So how did we get here? How did our children’s wellbeing depend directly on politicians and their support for unions?

Here is how the corrupt union-government bargain scheme works: Politicians vow to negotiate with unions; public employees would want to feel represented, so they join unions. Unions take dues from their members. Unions then spend those dues electing politicians they like. Once those politicians get elected, they agree to pro-union contracts using that endless supply of taxpayer dollars. This cycle continues and continues. The winners are, of course, Democratic politicians and the public-sector unions. The losers are the taxpayers, who are subsidizing both unions that may kneecap their interests and Democratic politicians they may not support. 

According to OpenSecrets.org, in 2020, public-sector unions gave $79 million to political candidates, parties, and outside groups. 89 percent of those contributions were given to Democrats. When it comes to those teachers’ unions, the National Education Association gave $33 million to political groups and candidates in 2020, most of which went to Democrats. The American Federation of Teachers also gave $18 million to political groups and candidates in 2020, nearly all going to Democrats. 

The ironic part is that the Democratic Party – which lauds against money in politics and fights for campaign finance reform – is the same party that supports these unions’ extreme political spending. 

Under the 1935 National Labor Relations Act, private-sector employees at different companies can collude to collectively bargain and negotiate a specific pay scale for the employees. As a part of this legislation, employers are forced to negotiate with guilds as long as they could prove that they represent most workers. However, why is this kind of worker collusion never allowed for employers as well? Imagine for a second that a bunch of different employers in a particular industry colluded together to offer the same pay scale to their employees. They would get endlessly maligned as having engaged in monopolistic collusion, and there would be calls for antitrust lawsuits against them.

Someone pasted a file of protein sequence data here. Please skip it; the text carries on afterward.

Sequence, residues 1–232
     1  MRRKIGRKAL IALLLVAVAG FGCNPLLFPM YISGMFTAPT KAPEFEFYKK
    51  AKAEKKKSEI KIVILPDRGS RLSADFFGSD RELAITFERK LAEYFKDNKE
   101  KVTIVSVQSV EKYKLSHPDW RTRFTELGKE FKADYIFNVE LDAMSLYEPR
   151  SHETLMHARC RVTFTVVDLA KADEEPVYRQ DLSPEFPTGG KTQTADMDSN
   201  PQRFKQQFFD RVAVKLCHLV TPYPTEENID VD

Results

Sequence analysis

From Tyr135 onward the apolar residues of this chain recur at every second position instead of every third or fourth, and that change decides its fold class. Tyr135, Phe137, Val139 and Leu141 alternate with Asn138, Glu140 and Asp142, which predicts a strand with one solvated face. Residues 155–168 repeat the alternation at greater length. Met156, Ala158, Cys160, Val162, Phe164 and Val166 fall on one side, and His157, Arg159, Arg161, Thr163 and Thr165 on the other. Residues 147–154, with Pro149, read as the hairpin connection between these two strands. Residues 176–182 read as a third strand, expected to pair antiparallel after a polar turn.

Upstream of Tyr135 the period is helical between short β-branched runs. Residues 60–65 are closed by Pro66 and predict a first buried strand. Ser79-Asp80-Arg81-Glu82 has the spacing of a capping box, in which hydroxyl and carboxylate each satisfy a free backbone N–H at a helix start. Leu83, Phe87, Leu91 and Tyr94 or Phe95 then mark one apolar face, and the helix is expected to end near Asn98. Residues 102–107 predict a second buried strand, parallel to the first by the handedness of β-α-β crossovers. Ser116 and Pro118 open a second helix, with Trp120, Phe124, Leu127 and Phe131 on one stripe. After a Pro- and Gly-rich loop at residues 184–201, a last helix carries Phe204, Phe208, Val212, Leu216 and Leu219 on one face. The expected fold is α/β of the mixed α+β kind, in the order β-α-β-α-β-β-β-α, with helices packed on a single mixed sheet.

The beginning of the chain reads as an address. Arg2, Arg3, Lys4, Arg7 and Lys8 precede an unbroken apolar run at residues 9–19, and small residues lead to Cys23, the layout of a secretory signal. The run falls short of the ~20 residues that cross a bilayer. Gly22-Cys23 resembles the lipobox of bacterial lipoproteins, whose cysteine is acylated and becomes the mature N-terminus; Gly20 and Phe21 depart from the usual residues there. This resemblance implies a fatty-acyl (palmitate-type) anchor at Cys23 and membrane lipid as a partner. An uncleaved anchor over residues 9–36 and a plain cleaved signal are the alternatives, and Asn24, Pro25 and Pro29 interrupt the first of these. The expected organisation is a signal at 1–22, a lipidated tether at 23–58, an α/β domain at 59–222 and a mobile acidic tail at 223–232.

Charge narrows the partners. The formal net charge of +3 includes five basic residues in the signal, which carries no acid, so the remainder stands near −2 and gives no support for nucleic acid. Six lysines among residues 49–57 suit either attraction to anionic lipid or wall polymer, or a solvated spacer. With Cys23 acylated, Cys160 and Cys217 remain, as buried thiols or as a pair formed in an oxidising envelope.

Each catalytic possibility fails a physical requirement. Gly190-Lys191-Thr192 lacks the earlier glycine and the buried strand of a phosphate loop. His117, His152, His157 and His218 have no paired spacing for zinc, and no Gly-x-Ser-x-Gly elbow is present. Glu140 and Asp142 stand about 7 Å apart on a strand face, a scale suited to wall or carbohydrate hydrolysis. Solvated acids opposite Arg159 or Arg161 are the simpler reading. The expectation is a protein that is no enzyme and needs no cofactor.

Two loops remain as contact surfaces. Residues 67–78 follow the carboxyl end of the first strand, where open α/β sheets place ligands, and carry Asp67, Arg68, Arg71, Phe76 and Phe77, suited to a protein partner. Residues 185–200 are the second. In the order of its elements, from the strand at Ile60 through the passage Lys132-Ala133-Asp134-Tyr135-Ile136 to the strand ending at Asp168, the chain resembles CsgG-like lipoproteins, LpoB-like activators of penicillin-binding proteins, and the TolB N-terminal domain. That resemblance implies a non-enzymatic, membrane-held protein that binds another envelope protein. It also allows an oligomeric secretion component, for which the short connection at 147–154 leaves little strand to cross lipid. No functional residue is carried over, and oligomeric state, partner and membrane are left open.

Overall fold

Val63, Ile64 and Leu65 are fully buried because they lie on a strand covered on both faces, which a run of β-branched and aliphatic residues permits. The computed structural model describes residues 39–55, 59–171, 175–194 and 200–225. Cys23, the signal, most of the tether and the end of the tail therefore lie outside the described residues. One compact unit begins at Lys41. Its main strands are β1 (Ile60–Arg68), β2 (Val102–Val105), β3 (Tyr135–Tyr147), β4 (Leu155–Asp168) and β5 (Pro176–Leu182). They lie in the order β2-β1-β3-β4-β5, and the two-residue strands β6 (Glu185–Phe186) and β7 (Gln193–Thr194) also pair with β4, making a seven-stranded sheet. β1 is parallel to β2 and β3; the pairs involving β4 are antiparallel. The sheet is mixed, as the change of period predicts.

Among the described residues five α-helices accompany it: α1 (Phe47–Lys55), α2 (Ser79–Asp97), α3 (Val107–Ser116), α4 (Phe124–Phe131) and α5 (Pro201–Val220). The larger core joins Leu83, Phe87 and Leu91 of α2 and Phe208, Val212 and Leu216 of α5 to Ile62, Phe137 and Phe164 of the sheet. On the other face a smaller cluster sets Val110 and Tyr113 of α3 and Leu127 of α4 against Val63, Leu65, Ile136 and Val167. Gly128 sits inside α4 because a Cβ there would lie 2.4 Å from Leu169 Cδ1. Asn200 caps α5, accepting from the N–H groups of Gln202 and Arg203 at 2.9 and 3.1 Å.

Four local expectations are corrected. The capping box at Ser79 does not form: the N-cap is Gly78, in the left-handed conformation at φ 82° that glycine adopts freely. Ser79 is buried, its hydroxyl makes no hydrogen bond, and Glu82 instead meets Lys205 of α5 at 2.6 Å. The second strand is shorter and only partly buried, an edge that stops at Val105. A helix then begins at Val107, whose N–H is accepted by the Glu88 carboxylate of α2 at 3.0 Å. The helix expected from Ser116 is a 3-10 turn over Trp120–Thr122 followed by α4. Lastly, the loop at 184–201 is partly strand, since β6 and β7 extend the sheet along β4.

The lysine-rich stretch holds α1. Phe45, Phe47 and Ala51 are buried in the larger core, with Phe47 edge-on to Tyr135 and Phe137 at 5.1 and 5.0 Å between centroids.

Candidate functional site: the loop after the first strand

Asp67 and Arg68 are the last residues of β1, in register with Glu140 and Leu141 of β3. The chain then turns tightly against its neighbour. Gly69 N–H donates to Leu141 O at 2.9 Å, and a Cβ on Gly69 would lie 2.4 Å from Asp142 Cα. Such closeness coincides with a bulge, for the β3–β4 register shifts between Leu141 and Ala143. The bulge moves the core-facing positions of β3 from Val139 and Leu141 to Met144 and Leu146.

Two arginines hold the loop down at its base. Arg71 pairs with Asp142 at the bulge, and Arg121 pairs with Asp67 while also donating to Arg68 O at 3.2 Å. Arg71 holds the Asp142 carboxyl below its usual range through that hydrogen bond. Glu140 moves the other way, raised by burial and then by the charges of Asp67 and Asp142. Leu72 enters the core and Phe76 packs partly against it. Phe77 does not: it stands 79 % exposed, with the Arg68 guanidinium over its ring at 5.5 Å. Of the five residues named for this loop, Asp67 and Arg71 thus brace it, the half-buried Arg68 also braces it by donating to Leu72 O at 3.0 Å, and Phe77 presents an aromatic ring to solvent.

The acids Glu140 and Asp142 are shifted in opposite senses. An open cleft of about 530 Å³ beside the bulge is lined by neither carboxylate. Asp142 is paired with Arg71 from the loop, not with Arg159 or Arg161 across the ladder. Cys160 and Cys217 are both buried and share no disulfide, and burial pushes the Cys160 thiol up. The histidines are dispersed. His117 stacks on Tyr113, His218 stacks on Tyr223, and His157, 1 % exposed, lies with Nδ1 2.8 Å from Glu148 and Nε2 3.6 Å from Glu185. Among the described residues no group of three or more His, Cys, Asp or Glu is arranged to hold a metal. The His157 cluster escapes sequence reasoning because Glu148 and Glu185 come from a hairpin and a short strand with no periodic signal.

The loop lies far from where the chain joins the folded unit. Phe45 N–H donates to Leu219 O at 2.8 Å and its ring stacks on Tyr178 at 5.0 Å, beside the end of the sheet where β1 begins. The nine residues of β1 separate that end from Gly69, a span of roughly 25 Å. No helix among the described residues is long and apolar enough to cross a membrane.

Some may argue that this kind of worker collusion is necessary because workers do not want to get treated horribly by their employers. That is fair to an extent, but why would this standard apply to public-sector workers? In a private-sector union, employees negotiate with the employer the kinds of wages they want to be paid because the employer is the one paying the wage. But with public-sector workers, the employers do not pay the wage; the taxpayers do. How can there be bargaining between employers and employees when taxpayers are the ones footing the bill? 

The people paying the wages ought to have the ability to fight for their interests and be represented in collective bargaining agreements. 

Not only is the process corrupt, but in many states, public unions can strike, acting directly against the interests of the taxpayers who fund them. Even FDR understood that the ability of public-sector employees to strike was “unthinkable and intolerable.”

The individuals elected to represent taxpayers end up representing the people who got them elected in the first place – the public-sector unions. How does this relate back to those teachers’ unions? Well, in 2020, President Joe Biden received more money from teachers’ unions than any politician in the country. This, of course, is of no surprise and is why Mr. Biden repeatedly refuses to say that students need to go back to full-time, in-person instruction immediately. On the same predictable note, Mr. Biden’s Secretary of Education, Miguel Cardona, would not commit to schools going back in-person in the fall. 

The teachers’ unions are now demanding the vaccination of all staff before they go back in-person. This would mean that it could take well into the next school year before students can return to in-person instruction. Even California’s governor, Gavin Newsom – deep in the pockets of the teachers’ unions – is at odds with their ridiculous demands. However, what Mr. Newsom will not do is actually hold them accountable and cut their funding (and put it elsewhere, like back to parents themselves) if they choose not to go back to the classroom.

Like all other public-sector unions, teachers’ unions want to negotiate the best wages and working conditions for their employees. But the place to address these problems is at the legislative level, where taxpayers have the ability to defend themselves. Public-sector unions circumvent this process entirely, squeezing taxpayers’ pockets and holding students hostage in the process. 

The worship of teachers’ unions by the Democratic Party – which has done irreversible harm to our youth – will certainly not go forgotten. We can only hope that voters in 2022 will hold them accountable for their dishonest dealings. 

Mr. Nikfar is a Sophomore at Chapman University studying Pre-Pharmacy.